Ball bearing rating life for radial contact bearings is calculated per ANSI standard and AFBMA standard 9-1978. It is known as the L10 rating and is the life rating of apparently identical bearings in millions of revolutions. For a single bearing, it is the life associated with 90 percent reliability. The calculations that follow are outlined in Machinery's Handbook 25.
The encoder under study uses a R6 series bearing (52100 chrome steel) of standard construction. The bore is 0.375 inches, .0005 inch maximum radial play, .0007 inch maximum axial play, and having 13 degrees maximum contact angle.
For a unit consisting of two similar, single row, radial contact ball bearings, in a duplex mounting, the pair is considered as one, double row, radial contact ball bearing. i equals 2 in such a case and fc is from the duplex bearing column in table 25.
Encoder Unit Under Study (UUS):
Given axial load of 40 pounds and a radial load of 35 pounds, we can calculate the L10 life rating.
Benchmark encoder (BMK):
BEI H25, axial load 40 pounds, radial load 35 pounds, published L10 rating 2 x 108 revolutions.
Assuming the load factors are the same, we can calculate the basic bearing load rating (C) for the benchmark encoder.
Using the benchmark value for L10 and the unit under study value for C, we can calculate the improvement in load for the conditions in P.
Therefore, given the same bearing life and axial load as the benchmark, the unit under study having a greater value for C has a greater radial load specification.
Since the maximum load condition specification is a combination of the axial and radial loads, a graph more appropiately describes the bearing load specification.
Next we consider the unit shaft loading in certain applications. These applications fall into two basic classifications. In the first, the unit shaft is attached to a coupling which is then attached to a drive shaft. In the second case, the unit shaft is driven though an attached wheel, pulley or gear. When the unit shaft is coupled to another shaft, the loads can be minimized by careful alignment of the two shafts. Maximum loads are not likely to be present and in most of these applications, a light duty bearing will serve. However, in applications that join the encoder to the mechanical system through wheels, pulleys, gears, etc., the radial bearing load in likely to be significant. The axial shaft load is not much more than the bearing preload plus some axial vector due to misalignment or wear.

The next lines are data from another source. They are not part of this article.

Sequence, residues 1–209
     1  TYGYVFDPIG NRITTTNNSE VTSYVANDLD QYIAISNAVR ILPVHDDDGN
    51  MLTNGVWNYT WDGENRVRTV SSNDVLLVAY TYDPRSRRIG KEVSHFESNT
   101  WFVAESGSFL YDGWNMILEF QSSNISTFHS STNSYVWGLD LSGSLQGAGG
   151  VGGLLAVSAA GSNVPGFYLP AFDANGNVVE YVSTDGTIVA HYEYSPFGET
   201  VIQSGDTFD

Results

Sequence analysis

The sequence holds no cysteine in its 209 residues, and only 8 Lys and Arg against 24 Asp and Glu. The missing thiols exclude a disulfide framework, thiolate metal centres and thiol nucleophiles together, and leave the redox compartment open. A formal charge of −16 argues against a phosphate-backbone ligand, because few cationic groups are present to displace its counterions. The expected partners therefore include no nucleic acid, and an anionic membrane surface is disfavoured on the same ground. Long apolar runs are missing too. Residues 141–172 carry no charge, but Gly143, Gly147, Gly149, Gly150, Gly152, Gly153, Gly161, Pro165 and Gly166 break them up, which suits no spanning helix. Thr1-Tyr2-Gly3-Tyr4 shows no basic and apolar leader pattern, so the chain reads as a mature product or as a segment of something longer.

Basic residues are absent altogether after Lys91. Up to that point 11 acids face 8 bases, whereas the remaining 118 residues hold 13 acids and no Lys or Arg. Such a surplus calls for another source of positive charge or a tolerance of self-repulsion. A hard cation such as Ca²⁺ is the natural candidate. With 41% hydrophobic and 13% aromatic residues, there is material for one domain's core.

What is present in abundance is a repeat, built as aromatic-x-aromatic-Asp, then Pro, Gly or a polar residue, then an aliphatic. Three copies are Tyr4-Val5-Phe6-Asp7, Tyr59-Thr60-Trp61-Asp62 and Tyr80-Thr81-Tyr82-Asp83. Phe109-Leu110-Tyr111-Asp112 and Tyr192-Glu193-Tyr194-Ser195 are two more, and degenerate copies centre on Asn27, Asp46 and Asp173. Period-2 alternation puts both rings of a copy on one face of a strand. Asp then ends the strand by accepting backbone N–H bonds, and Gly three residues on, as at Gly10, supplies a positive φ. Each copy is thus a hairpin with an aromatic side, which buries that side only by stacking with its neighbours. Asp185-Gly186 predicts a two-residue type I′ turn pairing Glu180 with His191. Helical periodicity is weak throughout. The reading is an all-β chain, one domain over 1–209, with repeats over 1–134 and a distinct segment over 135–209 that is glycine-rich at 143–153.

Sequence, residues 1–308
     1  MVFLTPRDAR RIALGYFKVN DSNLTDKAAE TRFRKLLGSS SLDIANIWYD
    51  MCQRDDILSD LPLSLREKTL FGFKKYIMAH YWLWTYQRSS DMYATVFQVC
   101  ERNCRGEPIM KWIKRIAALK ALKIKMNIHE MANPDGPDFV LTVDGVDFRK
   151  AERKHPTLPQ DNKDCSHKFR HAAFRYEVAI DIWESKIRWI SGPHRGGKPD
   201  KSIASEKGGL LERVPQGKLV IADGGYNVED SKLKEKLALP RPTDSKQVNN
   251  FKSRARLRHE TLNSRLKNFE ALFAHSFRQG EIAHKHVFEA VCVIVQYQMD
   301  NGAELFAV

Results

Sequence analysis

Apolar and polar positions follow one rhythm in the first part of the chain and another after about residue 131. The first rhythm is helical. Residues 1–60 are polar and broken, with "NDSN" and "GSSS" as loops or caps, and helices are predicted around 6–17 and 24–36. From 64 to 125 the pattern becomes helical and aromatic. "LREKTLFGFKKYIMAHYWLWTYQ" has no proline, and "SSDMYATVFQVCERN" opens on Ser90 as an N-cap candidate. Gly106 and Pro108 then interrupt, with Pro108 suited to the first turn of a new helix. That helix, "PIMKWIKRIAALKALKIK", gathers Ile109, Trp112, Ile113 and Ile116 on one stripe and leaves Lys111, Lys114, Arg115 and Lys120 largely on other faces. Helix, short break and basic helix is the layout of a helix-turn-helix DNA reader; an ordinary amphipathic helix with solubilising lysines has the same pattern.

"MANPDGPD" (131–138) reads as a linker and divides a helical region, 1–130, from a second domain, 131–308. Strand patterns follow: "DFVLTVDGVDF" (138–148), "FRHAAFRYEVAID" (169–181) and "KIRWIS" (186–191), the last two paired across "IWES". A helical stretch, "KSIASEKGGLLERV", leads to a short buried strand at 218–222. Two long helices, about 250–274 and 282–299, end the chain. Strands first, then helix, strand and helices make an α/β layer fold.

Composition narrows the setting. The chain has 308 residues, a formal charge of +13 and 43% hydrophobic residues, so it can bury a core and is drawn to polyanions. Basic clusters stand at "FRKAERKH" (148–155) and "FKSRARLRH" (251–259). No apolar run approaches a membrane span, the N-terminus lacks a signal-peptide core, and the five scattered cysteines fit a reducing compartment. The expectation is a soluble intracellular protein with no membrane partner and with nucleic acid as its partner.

Shaft encoders generally use two like bearings to position the encoder shaft. The design can be modeled as a lever to determine true radial bearing loads. A force applied to the end of the encoder shaft is distributed by the two shaft bearings porportional to the distances between the forces. Because shaft lengths can and do vary, we will use a standard distance of 0.5 inches from the face of the bearing to the applied radial load.
Another variable is the distance between the bearings. Larger distances between bearings result in better distribution of the shaft load.
As the graph above illustrates, the bearing load is much less in the UUS encoder due to the greater distance between bearings.
Further, if we hold the near bearing radial load to a specified 35 pounds and move the shaft load out to a greater distance along the shaft, we see that the allowable shaft load increases while maintaining the same bearing life.
Let us now compare the two designs in a given application to see just how dramatic the increase in bearing life can be.